“I’ll be Home for Christmas” was originally written to honor homesick soldiers who were posted overseas during the Second World War. The lyrics take the form of a letter from a soldier to his family back home. It’s bittersweet, with requests for snow, mistletoe, and presents under the tree because as he says, “I’ll be home for Christmas, if only in my dreams.” Bing Crosby and the John Scott Trotter Orchestra recorded “I’ll be Home for Christmas” in October 1943 and that’s become the definitive version of the song.
During the war, the United States government created its own record label! After making special licensing agreements with the major record companies, the government issued “V-Discs” for the troops. There was classical music and military music, but it was jazz, big band, and swing that were especially popular. The V-Disc records sometimes had specially-recorded introductions from band leaders and other performers. Bing Crosby’s “I’ll be Home for Christmas” was an immensely popular V-Disc and the song was always requested at USO shows. The Army’s weekly magazine said that Crosby “accomplished more for military morale than anyone else of that era.” Curiously, the British government forbade the BBC from broadcasting the song because it thought the bittersweet Christmas tune would hurt morale!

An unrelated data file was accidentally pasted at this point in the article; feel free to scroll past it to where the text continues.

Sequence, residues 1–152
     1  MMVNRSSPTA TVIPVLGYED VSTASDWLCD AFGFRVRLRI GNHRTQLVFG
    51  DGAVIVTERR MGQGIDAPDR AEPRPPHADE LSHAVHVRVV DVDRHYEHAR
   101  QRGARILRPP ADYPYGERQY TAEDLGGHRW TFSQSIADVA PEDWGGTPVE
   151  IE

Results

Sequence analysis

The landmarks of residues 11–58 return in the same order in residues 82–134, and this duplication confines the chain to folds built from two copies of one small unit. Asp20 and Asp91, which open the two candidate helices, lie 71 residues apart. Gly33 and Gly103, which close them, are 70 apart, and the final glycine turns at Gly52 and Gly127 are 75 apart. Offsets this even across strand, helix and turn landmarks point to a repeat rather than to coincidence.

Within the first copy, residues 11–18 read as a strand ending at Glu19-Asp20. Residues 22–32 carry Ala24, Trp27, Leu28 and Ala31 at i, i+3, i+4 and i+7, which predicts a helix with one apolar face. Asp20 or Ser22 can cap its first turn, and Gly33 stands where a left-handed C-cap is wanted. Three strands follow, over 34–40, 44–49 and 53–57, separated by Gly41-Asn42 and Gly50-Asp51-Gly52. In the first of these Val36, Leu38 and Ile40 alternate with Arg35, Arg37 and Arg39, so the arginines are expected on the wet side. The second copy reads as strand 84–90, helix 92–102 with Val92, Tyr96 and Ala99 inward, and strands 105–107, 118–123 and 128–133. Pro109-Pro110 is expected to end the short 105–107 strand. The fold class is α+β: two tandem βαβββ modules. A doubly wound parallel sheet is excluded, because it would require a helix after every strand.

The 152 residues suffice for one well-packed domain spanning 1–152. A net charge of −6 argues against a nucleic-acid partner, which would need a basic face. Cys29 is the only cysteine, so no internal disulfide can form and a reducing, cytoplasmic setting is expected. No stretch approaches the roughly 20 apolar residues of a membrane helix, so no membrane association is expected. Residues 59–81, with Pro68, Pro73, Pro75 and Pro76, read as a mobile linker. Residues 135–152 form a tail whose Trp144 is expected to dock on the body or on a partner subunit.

A young man and his brother recently decided to record their own version of “I’ll be Home for Christmas.” It took three hours, but they finally got the right take, which we’ve posted for you below. He isn’t Bing Crosby, but he still deserves a big round of applause along with his brother, who was on keyboard.
Did you enjoy this version of “I’ll be Home for Christmas” or is it Bing Crosby or nothing for you? Let us know in the comments at Facebook and be sure to like and share!